Publication: New York Daily News
Date: October 1993
Transcribed by "Steve Reed" (firstname.lastname@example.org)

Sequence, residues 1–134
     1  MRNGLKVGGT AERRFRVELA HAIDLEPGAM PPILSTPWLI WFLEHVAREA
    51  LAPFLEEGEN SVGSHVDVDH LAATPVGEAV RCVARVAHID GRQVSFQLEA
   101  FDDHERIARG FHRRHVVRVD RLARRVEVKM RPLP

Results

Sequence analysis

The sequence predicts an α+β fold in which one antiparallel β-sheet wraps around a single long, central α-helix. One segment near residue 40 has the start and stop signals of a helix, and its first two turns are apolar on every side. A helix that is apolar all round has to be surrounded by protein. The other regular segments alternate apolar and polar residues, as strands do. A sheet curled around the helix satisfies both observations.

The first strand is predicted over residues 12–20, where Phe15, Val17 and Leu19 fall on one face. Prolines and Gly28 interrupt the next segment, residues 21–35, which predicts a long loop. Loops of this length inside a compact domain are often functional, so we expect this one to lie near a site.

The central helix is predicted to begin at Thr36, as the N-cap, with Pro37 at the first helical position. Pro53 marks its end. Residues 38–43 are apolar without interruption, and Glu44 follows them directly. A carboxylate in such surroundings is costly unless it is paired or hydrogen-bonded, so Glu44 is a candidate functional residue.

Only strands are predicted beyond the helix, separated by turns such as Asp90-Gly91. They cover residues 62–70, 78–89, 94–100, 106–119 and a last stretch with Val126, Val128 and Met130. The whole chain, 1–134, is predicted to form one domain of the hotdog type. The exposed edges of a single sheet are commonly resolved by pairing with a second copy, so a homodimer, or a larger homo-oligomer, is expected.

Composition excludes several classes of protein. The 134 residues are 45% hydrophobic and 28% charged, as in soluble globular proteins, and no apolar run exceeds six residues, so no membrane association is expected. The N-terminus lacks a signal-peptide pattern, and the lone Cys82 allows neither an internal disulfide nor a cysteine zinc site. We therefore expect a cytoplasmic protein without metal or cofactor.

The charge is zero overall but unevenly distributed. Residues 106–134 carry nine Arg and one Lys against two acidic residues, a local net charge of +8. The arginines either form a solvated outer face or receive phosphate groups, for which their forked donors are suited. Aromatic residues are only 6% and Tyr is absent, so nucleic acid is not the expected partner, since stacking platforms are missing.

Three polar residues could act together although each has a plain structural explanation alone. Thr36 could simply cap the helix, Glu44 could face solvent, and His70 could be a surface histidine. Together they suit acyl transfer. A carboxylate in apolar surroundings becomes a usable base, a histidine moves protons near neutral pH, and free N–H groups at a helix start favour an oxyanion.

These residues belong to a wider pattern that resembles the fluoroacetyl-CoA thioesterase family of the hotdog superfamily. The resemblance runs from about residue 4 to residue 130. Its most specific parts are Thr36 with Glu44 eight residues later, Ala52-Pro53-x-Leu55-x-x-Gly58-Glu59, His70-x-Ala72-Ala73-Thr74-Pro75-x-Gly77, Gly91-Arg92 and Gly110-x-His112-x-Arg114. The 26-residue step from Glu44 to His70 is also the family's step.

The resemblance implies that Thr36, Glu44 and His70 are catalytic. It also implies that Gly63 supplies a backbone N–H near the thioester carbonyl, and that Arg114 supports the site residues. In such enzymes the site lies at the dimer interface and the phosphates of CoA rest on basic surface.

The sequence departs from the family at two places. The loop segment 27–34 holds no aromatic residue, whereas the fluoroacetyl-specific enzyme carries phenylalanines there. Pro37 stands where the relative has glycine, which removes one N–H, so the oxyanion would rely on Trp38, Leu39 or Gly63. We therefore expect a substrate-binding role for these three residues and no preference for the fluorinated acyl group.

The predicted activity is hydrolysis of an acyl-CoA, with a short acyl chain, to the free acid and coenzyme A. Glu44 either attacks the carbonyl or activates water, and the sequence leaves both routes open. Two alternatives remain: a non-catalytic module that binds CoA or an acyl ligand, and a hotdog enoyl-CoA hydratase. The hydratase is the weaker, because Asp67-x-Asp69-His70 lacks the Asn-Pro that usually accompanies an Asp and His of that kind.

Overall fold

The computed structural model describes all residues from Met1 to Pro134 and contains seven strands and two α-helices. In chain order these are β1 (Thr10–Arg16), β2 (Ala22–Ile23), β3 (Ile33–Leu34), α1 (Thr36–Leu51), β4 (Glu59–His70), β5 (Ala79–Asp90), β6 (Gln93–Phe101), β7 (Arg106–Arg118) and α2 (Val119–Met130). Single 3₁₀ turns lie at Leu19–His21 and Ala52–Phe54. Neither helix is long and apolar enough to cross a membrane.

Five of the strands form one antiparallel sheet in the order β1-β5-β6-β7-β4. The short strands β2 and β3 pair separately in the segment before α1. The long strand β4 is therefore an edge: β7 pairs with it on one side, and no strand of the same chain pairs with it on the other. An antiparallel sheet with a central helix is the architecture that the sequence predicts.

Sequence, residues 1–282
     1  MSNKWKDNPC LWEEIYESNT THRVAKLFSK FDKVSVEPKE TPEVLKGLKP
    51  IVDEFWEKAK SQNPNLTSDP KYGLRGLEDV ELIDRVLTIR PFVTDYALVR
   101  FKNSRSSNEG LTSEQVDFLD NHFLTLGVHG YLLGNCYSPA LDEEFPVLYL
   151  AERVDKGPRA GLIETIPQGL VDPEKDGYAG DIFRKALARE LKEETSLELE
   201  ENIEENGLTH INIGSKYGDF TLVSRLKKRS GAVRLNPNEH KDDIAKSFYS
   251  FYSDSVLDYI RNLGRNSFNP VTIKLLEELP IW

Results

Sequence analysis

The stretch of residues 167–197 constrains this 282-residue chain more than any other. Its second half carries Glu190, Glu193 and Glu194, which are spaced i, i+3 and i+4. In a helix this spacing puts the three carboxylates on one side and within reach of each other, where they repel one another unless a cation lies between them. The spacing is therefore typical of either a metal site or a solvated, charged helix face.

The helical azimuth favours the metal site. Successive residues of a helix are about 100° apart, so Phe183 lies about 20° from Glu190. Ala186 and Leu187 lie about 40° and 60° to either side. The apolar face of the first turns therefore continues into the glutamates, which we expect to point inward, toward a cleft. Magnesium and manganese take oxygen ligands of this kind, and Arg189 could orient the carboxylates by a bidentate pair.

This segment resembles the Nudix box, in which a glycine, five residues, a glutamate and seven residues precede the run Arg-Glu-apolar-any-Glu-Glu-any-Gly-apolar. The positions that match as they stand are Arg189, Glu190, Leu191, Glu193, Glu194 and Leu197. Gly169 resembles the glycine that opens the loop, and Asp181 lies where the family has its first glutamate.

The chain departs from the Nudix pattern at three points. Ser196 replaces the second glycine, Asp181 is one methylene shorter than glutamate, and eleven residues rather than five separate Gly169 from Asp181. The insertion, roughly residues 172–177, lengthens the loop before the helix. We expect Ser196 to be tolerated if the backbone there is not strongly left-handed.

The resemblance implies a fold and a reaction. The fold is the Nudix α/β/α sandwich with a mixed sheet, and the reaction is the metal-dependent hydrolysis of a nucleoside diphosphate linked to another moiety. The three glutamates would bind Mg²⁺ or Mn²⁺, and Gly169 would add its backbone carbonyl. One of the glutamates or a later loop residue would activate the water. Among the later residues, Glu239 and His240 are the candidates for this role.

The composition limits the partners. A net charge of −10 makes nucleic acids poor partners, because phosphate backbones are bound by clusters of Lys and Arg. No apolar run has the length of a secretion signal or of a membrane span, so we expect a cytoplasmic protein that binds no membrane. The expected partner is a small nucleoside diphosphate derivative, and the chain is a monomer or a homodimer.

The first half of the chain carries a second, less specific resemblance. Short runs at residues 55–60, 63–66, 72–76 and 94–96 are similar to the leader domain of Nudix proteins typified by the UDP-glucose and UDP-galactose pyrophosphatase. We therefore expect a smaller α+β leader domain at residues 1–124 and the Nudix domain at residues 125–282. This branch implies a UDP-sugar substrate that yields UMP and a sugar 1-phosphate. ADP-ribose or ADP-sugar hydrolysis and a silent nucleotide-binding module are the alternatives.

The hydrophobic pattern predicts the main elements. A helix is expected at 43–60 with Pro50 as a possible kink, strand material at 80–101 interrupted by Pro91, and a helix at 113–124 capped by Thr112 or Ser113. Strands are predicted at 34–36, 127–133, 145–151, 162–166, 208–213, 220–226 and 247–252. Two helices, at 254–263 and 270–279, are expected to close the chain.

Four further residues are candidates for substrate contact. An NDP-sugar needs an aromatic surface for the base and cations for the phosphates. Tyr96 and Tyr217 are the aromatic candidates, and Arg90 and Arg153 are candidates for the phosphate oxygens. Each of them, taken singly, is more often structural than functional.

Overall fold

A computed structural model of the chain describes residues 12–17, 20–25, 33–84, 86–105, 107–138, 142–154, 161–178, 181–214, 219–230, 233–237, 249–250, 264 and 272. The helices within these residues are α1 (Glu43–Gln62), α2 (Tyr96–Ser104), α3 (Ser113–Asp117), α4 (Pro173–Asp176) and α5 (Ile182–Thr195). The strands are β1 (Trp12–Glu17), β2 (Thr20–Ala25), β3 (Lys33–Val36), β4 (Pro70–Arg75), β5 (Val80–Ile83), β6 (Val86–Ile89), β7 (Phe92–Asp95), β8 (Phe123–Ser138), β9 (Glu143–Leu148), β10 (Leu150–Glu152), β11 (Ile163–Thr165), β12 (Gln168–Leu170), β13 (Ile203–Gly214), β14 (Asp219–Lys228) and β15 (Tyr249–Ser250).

A quick question: Who benefited most from last summer's Lollapalooza tour? You don't find the answer anywhere near the top of the bill (crowded with the acts like Primus and Alice in Chains). You won't even find the answer on the tour's main stage. Instead, a group that spent half the tour shunted off to a second stage designated for up-and-coming bands wound up with the most dramatic sales boost. The debut album by Tool (a metal-leaning band that manages to work in melody without compromise) started selling during Lollapalooza. Now "Undertow" has inched up to No. 52 on Billboard's latest Top 200 album chart and, according to Soundscan, has sold nearly 300,000 copies, making Tool one of the biggest alternative breakouts of the year. "It was really satisfying for us during Lollapalooza to pull thousands of people away from the main stage," says group drummer Danny Carey. "We knew those people really wanted to see us." Adventurous types have been just as hot to eyeball the group's video. In the midnight hour, MTV has been screening Tool's disturbing clip for "Sober," a grisly piece of animation influenced by the nightmare style of the Brothers Quay. "We like the darker images," says Carey. "It expresses what our music says about life." Which isn't pretty. Lines like "trust in me and fall as well/ I will find a center in you/ I will chew it up and leave" tell you what these guys think of relationships. But Carey says the group explores hideous emotions for a purpose. "It's not about being negative, it's about working through your anger to get to a better place." Tool's music mixes the punishing with the redemptive. Dense, midpaced guitar riffs take precedence over metal's usual thrashing beats or wild leads, making Tool's music more of a slow burn than a hot flash. "On our first EP ["Opiate"] we were more slam and bang," says Carey, "Now we're using more melody." In fact, vocalist Maynard James Keenan stands as one of the few alternative metal frontmen who sings more often than screams. The unusual sonic result meant "this was a hard record to get on the radio," according to Lou Maglia, president of Zoo Records, which signed the band. Drummer Carey says the group chose Zoo over other bidding labels because they guaranteed them creative control. The bargain paid off for the company when Tool devised its own twisted album graphics. Maglia thinks the macabre art work significantly boosted sales. "A lot of kids would have taped this album off their friends' were it not for those graphics." The band was just as shrewd in choosing their video director, Fred Stuhr, a friend who knew how to work on the cheap. His $35,000 clip looks like a million, and it has been worth nearly theat much in promotion. Last week Beavis & Butt-Head declared the clip "cool," which inspired one of L.A.'s key radio stations, K-Rock, to add the song after eight months of resistance. Having stuck to their creative guns, Tool now wants to push the bounds. For the follow-up single to "Sober," Carey says the group favors a song called "Prison Sex." "It will annoy a lot of people," Carey says, "which is half the fun."